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The shift by customers towards the cloud and to database-as-a-service offerings should provide opportunities for the channel to target a customer base in transition.
The database managed system (DBMS) space is being shaken up by the cloud and the emergence in the channel of vendors that are offering more flexible options for partners.
Among those is Couchbase and the firm’s president and, CEO Matt Cain, is a firm believer that partners need to be looking at DBMS.
“We believe fundamentally that legacy technology, like relational databases, needs a total rethink to meet the demands of digital transformation and modern applications,” said Cain, adding that this presented the channel with an opportunity.
“We continue to push the needle on innovation, taking more and more of the operational burden of managing a database into our service offerings, so that developers and other application teams can really focus on adding value to their businesses and their customer base,” he said.
Cain said Couchbase was not alone in banging the drum around the database-as-a-service market and most major analysts were doing the same.
In a recent report, Gartner put some numbers around the growth. “Since its brief pause in 2015, the DBMS market has reeled off six consecutive years of growth, with the last five years all growing in the teens,” said the analyst firm. “Since 2017’s $38.6bn year, the DBMS market has added $40bn – doubling in five years.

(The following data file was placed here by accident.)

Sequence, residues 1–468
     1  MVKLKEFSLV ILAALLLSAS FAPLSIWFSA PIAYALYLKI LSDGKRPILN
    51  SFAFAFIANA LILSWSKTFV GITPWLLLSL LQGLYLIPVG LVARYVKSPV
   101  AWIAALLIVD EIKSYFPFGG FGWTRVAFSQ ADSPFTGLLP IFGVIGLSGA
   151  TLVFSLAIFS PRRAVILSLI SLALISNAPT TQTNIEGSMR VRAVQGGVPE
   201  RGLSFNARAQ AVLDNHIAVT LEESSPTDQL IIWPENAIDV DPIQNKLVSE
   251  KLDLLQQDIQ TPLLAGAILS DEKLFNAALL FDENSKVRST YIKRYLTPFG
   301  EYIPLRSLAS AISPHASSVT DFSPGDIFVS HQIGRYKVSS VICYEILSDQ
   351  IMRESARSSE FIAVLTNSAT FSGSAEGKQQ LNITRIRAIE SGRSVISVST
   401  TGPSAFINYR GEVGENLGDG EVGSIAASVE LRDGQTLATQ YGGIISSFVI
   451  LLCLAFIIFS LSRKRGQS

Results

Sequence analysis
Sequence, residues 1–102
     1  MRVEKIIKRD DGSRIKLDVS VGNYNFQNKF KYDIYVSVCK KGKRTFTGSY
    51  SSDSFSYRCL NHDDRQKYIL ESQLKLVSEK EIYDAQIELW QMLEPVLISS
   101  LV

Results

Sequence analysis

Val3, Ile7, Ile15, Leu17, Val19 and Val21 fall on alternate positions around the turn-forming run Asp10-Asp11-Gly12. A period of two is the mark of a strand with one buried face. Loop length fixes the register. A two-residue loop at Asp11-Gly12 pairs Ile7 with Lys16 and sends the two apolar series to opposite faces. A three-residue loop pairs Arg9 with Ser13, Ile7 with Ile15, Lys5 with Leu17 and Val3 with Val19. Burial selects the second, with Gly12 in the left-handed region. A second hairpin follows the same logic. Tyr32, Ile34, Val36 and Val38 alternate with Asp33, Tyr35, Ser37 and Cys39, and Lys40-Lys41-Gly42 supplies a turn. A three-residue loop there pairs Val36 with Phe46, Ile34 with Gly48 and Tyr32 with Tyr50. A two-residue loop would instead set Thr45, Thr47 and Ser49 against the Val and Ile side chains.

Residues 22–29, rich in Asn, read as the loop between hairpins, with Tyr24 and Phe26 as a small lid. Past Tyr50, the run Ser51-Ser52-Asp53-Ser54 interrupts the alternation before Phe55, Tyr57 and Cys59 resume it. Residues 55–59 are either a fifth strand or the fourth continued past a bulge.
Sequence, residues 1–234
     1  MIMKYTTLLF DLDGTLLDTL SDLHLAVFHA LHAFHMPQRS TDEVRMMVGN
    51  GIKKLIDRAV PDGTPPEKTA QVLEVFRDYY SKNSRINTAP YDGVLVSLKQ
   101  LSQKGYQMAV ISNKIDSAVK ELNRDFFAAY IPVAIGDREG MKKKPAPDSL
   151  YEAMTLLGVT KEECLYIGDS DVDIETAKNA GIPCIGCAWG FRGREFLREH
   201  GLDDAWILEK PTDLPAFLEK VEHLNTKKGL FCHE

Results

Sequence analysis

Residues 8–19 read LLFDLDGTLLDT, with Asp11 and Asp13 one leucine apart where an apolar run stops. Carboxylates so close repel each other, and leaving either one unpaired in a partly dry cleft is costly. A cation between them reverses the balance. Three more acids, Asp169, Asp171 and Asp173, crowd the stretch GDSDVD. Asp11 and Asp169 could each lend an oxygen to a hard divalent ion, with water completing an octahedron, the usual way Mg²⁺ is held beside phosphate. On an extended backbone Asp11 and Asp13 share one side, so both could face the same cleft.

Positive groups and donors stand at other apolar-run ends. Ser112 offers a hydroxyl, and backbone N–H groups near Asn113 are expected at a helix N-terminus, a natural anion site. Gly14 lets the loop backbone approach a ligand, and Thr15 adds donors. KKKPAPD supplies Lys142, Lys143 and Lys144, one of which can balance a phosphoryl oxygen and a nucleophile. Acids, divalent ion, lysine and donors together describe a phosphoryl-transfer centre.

“The biggest DBMS market story continues to be the enormous impact of revenue shifting to the cloud. In 2021, revenue for managed cloud services [dbPaaS] rose to $39.2bn – it now represents over 49% of all DBMS revenue. The growth has been stunning.”
Cain said Couchbase had been recruiting partners and was looking to work with the channel to tap into that ongoing opportunity.
“I think you would be hard pressed to find a more attractive, total addressable market that is yet to go through what I believe will be a generational market transition,” he said. “I believe so fundamentally in the channel, and partners, particularly as you are serving enterprise. The large cloud partners are really important to us. They’ve got a lot of reach for services that run inside their clouds.
“Systems integrators, regional and global, that have digital practices – these particular verticals are constantly looking for next-generation technologies that allow them to add more value to their customers. That’s a big channel for us.”
Cain added that because of the cloud nature of the DBMS offering, it was also a natural fit for managed service providers (MSPs) and it had been growing its channel base on that front, too.
“I think MSPs are relevant everywhere,” he said. “Enterprises are relying on outside expertise to be more agile and more productive with their digital transformation initiatives.
“We think there is tremendous disruption to be had. And as an innovator in cloud databases, we have uncapped potential in terms of what we can go after and help customers meet unmet, underserved needs.”